Reform in Cambodia

Beyond punishing Communist war criminals

Cambodia is finally poised to end its civil war nearly a decade after signing the Paris peace accords. Its induction into the Association of Southeast Asian Nations (ASEAN) last month, the capture of Khmer Rouge guerrilla leader Ta Mok, and a new coalition between political rivals Prime Minister Hun Sen and Prince Ranariddh offer the possibility of a peace long overdue.

But to aid Cambodia in reaching that goal, the United States must move beyond its singular focus on bringing Khmer Rouge war criminals to trial.

To prevent future war crimes, US policy must address the broader task of dismantling the scaffolding of civil conflict: a war-size military deeply split along political lines, which continues to present a major obstacle to Cambodia's economic and social recovery from three decades of internal violence.

In Cambodia, a country of fewer than 10 million, the armed forces exceed 200,000 individuals. That is four times as many soldiers per capita as in the US and roughly six times the average in the developing world. Cambodia clearly cannot afford such a large force. Although it devotes 30 percent of its budget to the military (twice the US fraction), it cannot pay its soldiers.

Moreover, the military is split into factions that could worsen as it attempts to integrate Khmer Rouge officers and foot soldiers into its ranks. Under these conditions, every political contest has the likelihood of widespread political violence. An early start on building a more neutral military is imperative if local elections later this year, which could help break authoritarian patterns at the grass-roots level, are to succeed.

Successful military reform inevitably will loosen Hun Sen's own political hold, because he has relied on internal security forces to maintain supremacy for his Cambodian People's Party (CPP). However, it will strengthen his credibility in the international community, and foreign donors must make clear to him that continued support depends in part upon a brisk demobilization process. If the national forces are not depoliticized, and the ganglia of local military loyal to the CPP is not abolished, political violence will continue in Cambodia in perpetuity.

On paper, the Cambodian government has made a commitment to military reform. Hun Sen stepped down as military commander in chief in January, and the government announced its intention to reduce the size of the armed forces and police to 80,000 troops over five years. The World Bank has agreed to fund part of the plan beginning in January. But while the bank will provide most of the funding for the mechanics of demobilization, it will not be sufficient to accomplish the task. The international community must press for an immediate start to military reform, aiming for an improved political climate for local elections. It must also give early attention to the reconfigured force that will emerge from this process.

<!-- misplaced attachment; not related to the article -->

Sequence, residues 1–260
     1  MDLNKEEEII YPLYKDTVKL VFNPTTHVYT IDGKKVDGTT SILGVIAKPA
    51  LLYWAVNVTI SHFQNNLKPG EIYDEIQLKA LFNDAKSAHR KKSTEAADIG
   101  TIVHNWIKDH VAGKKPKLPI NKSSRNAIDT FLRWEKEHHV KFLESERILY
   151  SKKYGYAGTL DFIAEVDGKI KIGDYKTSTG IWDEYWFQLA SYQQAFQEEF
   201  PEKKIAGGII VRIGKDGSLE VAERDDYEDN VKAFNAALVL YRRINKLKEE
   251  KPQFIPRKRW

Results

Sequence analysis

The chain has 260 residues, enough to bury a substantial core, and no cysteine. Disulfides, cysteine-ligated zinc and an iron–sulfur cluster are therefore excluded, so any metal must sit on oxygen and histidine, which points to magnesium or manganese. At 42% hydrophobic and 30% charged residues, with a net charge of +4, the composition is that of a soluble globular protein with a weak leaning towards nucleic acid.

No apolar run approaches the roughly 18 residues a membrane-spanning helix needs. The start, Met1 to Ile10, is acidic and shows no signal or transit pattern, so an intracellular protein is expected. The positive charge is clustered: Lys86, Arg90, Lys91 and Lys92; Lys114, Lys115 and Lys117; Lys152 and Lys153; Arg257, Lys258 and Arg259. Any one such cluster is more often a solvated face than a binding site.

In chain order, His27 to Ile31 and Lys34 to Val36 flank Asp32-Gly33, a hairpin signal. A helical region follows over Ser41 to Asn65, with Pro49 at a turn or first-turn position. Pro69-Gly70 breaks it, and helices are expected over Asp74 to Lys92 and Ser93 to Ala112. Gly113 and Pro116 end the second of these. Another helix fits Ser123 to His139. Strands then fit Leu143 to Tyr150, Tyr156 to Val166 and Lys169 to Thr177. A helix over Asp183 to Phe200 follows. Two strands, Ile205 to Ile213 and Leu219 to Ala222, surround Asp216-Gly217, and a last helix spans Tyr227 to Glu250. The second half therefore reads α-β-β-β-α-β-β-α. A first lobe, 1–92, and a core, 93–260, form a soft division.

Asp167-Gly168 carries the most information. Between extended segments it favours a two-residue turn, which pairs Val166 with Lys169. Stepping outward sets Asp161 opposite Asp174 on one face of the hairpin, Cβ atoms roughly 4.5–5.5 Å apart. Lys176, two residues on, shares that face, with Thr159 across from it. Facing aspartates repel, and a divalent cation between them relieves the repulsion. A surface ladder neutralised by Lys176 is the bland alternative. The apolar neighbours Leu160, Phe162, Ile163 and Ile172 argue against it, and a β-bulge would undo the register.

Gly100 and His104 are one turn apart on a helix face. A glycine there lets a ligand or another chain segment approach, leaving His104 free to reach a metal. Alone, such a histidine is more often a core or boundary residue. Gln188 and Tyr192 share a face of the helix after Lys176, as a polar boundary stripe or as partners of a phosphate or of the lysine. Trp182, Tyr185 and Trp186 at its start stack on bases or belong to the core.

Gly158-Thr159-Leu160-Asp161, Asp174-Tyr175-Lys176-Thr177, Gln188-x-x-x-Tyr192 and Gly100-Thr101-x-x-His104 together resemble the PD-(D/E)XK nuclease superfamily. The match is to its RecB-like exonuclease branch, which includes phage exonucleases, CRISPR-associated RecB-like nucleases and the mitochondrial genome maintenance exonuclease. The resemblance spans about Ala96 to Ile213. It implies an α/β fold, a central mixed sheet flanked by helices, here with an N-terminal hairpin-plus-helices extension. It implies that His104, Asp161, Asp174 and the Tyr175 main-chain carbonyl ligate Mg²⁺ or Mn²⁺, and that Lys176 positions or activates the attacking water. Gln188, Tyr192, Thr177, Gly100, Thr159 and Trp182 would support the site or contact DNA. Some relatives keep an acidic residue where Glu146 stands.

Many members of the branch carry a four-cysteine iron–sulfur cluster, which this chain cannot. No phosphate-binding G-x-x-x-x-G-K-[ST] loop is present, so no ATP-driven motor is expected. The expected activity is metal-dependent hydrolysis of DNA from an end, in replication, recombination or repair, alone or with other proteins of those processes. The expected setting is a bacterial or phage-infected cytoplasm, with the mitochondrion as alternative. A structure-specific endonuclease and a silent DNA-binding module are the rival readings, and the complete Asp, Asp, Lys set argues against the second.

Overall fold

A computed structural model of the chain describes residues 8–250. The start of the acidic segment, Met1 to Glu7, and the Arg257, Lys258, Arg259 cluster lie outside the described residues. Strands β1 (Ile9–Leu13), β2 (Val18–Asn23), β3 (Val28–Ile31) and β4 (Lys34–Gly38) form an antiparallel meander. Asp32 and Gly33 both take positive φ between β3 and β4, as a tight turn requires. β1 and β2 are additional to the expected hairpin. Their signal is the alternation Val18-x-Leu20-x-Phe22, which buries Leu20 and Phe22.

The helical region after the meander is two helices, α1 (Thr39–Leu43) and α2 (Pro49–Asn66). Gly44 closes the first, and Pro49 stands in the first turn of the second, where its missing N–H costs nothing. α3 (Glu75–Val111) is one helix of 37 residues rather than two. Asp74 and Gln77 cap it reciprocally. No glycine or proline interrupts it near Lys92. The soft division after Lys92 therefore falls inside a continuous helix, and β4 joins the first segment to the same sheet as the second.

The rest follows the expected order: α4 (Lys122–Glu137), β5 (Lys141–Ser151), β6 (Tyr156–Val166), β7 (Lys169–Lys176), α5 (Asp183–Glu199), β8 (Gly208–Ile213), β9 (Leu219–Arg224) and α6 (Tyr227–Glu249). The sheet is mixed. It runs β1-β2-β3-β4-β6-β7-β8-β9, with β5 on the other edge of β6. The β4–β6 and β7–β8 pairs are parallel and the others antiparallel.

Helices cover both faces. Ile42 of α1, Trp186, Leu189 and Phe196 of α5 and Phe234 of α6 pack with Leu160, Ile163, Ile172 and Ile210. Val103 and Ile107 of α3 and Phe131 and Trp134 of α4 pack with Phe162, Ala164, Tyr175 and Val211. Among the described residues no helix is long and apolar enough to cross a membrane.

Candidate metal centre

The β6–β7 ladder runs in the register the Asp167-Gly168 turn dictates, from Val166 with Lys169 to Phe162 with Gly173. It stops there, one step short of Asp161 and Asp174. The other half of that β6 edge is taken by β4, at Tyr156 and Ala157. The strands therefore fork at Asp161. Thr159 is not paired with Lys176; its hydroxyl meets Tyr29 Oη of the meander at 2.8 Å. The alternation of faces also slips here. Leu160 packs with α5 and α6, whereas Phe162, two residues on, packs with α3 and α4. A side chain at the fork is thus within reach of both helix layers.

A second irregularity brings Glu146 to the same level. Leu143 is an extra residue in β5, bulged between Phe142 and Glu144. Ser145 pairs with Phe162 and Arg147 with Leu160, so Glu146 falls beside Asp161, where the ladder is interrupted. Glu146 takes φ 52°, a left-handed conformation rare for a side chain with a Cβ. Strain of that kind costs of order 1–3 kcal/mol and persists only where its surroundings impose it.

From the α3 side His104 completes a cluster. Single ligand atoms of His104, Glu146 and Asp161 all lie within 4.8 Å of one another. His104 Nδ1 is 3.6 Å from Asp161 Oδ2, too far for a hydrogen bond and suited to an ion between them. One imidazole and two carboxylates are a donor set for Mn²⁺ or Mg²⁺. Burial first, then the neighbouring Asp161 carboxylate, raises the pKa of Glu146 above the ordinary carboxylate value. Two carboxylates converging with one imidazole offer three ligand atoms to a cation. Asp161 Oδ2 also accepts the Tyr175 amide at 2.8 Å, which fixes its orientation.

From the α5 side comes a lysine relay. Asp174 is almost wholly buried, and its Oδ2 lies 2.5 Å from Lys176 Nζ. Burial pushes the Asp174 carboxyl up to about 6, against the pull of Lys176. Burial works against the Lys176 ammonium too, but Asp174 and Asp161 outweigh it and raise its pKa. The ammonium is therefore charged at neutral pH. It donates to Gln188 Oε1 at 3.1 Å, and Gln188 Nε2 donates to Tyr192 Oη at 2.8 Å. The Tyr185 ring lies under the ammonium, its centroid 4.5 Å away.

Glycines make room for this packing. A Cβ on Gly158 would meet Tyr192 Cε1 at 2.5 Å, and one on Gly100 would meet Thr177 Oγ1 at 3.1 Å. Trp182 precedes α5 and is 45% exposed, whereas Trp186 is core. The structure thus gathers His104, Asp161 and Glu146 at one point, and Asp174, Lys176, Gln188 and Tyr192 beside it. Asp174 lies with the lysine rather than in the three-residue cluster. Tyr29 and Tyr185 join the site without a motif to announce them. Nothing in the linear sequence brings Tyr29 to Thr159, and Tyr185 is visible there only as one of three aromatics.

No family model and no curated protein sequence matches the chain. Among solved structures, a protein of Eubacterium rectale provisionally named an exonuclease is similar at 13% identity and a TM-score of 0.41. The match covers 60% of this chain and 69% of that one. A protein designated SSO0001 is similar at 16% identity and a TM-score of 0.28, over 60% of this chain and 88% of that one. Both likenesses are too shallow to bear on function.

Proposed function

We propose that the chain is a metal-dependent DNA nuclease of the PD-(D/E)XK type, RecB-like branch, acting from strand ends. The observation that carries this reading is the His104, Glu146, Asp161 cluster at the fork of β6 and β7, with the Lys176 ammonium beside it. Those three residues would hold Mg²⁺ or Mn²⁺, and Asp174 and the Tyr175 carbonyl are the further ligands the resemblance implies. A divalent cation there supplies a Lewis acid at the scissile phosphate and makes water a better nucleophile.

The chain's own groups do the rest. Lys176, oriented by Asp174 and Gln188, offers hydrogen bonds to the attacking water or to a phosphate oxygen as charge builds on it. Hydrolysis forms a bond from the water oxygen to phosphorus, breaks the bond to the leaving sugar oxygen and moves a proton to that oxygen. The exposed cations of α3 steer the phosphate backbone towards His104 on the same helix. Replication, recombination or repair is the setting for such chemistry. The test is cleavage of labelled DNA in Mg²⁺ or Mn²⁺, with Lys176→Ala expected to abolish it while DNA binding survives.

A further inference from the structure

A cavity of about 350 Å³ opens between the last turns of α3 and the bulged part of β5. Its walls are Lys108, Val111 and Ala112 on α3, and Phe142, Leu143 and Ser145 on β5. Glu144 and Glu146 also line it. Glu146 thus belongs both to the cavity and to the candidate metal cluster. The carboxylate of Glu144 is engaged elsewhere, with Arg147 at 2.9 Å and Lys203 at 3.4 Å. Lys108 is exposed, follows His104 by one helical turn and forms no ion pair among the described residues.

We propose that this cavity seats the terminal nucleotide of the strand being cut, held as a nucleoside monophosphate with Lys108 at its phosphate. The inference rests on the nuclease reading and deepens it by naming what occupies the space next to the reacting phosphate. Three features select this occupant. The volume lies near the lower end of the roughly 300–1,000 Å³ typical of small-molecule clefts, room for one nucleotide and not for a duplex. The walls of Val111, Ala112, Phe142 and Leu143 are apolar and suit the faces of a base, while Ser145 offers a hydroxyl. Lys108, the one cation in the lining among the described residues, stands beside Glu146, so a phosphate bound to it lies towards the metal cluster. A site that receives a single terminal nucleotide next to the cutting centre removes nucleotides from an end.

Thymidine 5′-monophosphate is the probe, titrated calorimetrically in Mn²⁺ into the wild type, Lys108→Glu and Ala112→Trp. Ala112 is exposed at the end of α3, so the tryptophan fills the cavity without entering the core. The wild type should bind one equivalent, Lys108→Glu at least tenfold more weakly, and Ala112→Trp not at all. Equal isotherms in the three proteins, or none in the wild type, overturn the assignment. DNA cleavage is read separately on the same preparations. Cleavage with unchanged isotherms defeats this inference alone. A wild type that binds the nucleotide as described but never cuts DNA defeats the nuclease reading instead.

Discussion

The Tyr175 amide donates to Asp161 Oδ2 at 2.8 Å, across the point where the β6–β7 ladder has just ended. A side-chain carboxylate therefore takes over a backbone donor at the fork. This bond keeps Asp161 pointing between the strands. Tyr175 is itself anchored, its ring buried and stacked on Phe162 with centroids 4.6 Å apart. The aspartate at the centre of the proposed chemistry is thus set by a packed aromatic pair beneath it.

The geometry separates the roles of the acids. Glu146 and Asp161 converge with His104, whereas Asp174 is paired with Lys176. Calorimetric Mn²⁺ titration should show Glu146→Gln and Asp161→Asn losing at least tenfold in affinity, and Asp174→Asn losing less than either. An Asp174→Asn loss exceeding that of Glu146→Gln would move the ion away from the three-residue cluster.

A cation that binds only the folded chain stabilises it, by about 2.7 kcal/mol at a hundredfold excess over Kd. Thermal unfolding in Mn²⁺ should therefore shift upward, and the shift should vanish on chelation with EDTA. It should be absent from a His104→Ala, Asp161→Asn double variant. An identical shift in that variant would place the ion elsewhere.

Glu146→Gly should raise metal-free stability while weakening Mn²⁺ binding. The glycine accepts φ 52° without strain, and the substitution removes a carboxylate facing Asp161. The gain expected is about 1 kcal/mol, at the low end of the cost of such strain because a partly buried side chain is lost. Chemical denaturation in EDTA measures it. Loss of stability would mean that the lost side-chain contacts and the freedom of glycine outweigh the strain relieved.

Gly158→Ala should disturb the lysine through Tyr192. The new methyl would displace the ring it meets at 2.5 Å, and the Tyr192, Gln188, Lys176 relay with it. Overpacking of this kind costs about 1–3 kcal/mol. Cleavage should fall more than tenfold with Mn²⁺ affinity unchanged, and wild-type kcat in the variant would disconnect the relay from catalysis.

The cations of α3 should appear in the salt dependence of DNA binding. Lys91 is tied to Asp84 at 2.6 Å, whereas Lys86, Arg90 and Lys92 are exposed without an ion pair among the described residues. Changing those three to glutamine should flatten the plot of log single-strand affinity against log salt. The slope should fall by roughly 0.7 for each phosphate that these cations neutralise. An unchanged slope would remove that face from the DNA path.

The Western nations should stress the principles of democratic civil-military relations in any military reforms. Last month the Cambodian co-ministers of defense visited Beijing to seek counsel and support for demobilization. A plan heavily influenced by China could lean too far in the direction of the Leninist model of a seamless relationship between the dominant party and the armed forces.

Washington is prohibited by US law from providing funds directly to the Cambodian government. However, the US can boost the civilian side of demobilization in Cambodia by providing support, through nongovernmental organizations, for job training for demobilized soldiers, and for civil-military dialogues. It can also sponsor training programs on human rights and the role of a professional force through the International Military Education and Training Program (IMET), which is not specifically forbidden by Congress.

The administration can expect some resistance from the US policy community to greater intercourse with the Cambodian government due to discontent over irregularities in the 1998 elections, and continued uneasiness over Hun Sen's political dominance. Yet a policy that compels the government to establish a professional peacetime military is one that will improve Cambodia's political life, stimulate its economy, and offer long-delayed social stability.

*Catharin Dalpino is a visiting fellow and Michael O'Hanlon is a fellow at The Brookings Institution, in Washington, D.C.

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